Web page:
ROBIN JOENSUU – SWEDISH TRANSLATOR – GUEST ARTICLE 2017/01

Dear readers,

We have the great fortune to start the year with Robin Joensuu, who answered the guest article’s questions.

NAME: Robin Joensuu
PROFESSION: Independent translator
WORK LANGUAGES: English>Swedish
PLACE OF RESIDENCE AND WORK: Berlin, Germany

What kind of translation work do you do and what type of clients do you work with?
My main areas are IT, marketing, and engineering with an increasing part in marketing. Sometimes I work mostly with direct clients, sometimes mostly with agencies. The largest projects during 2016 were a continuous travel marketing project (10-20 hours per week throughout the year) and a job where I localized the computer system for a metro signalling system with accompanying user manuals and educational material for the operators.

Can you provide a brief description of your typical work day?
robin-joensuu
I start my computer at around 9 and spend some time browsing Spotify for music that works with my mood for the day (today it is PJ Harvey) and then I teeth into my email inbox. What I do after that depends on the day, but I mostly translate/revise until around noon, walk my dog, eat some lunch, and then work for a couple of more hours until I am done for the day. Since I work a lot for American clients and agencies at the moment, I often reply to emails in the evenings and I guess that would apply as a part of my work day as well.

What aspects of your profession do you enjoy most?
The creative part, without doubt. I have written for as long as I have known how to and I love moving words around, reading them out loud, rephrasing, moving a few more words… It doesn’t matter what the text is about as long as I am allowed to be creative. The second most favourite aspect is probably the ‘free’ part of the freelance life. I have tried working in-house but I am terrible at all of those hierarchies and behavioural norms. What is the purpose of fixed working hours in a modern office anyway?

Which aspects do you least enjoy?
That it is sometimes hard to keep a sound and healthy work-life balance.

How long have you been working as a translator?
6 years in June.

Did you in fact study to become a translator? If not, what did you study originally?
Yes and no. I have no formal education in translation but I have a master’s degree in Literature, culture, and media and I have studied numerous other things, ranging from languages and teaching Swedish to foreigners to journalism and creative writing. I say yes because I think that what is required for us to become really good at your jobs, apart from the obvious, i.e. knowing two languages very well, is that we know our native language like the inside of our own pocket and that we are very good writers.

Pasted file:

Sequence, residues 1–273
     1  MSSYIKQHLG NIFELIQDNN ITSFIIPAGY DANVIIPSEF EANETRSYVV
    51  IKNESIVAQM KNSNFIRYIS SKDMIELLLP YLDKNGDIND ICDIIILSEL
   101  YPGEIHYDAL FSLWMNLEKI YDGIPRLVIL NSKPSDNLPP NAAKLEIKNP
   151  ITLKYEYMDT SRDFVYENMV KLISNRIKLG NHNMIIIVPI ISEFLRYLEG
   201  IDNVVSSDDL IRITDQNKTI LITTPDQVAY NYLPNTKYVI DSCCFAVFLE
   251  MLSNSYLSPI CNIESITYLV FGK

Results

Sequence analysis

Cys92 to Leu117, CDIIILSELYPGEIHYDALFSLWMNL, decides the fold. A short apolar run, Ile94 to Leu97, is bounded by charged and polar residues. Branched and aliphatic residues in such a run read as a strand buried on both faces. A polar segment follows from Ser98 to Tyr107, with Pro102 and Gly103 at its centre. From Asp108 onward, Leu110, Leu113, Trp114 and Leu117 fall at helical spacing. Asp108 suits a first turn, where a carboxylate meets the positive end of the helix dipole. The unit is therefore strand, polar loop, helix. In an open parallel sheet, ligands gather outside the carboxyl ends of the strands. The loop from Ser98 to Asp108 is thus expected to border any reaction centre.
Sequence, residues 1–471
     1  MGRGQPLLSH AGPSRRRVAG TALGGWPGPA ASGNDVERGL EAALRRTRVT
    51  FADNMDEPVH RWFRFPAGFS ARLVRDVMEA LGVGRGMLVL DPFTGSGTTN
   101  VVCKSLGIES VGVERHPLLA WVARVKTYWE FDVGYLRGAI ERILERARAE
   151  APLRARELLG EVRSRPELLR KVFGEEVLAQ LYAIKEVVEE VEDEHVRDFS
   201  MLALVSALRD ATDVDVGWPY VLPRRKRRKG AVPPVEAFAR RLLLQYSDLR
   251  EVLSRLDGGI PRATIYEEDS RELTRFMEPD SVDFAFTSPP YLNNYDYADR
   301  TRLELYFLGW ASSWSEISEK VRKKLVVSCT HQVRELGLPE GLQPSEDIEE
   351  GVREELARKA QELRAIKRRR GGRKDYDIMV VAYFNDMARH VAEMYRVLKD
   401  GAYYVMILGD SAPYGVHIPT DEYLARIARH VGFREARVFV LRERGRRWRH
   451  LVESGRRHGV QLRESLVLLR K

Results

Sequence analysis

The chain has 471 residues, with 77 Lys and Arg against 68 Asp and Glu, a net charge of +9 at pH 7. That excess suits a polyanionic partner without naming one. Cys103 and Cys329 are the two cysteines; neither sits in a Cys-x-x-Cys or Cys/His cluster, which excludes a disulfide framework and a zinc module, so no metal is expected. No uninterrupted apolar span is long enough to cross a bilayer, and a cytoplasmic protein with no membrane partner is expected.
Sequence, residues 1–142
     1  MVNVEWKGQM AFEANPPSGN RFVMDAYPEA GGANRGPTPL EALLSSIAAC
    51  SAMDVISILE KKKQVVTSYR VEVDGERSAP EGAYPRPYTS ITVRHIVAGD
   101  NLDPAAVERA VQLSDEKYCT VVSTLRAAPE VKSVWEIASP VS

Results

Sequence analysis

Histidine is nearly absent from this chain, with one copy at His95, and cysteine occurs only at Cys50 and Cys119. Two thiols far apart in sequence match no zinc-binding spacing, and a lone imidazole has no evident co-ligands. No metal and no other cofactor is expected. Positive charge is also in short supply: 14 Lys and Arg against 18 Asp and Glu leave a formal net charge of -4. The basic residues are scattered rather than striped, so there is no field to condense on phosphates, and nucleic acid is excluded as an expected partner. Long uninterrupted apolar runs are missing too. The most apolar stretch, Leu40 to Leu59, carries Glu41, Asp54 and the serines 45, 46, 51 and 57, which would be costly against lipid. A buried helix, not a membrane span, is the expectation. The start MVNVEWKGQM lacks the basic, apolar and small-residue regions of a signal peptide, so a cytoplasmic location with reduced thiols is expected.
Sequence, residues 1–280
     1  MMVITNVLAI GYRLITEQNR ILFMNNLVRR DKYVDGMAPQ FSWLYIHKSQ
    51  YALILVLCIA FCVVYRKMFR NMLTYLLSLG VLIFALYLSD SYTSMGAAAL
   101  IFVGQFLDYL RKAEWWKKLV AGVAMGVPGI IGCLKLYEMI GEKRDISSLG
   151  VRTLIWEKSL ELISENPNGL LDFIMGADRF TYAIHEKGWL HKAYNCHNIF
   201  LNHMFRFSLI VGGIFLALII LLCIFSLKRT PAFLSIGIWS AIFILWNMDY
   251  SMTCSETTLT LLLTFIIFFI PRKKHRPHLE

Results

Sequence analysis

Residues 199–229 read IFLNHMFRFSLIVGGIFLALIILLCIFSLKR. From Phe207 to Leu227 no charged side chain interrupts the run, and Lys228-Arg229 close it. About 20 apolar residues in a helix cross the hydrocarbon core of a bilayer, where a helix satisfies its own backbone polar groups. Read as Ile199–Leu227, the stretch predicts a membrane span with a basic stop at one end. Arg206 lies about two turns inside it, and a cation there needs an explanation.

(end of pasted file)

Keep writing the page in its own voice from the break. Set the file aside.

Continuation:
What is your career path? Why did you make the decision to work as a translator?
I thought about translation a few times but I ended up studying something else and did not think that it was within reach. When I eventually graduated I had recently left Sweden for Berlin to be with my girlfriend who I had just met on a holiday there. I had no idea what to do since a degree with a strong focus on Scandinavian literature hardly is a sought-after qualification on the German labour market. I was just about to start cleaning hostels, like my girlfriend did at the time, or look for bar jobs, when a friend of mine told me that he saw an ad from an agency that was looking for English>Swedish translators. I applied and got accepted. I practiced, I read, did the old fashioned trial-and-error, and worked my ass off and eventually realized that I was becoming pretty good at it. A few years later, I am still around.

For more information, feel free to explore Robin’s website, or his LinkedIn profile, or his Twitter account.

Alexandra
English and Spanish > French translator
French and Spanish teacher (face-to-face/Skype)

Hispafra

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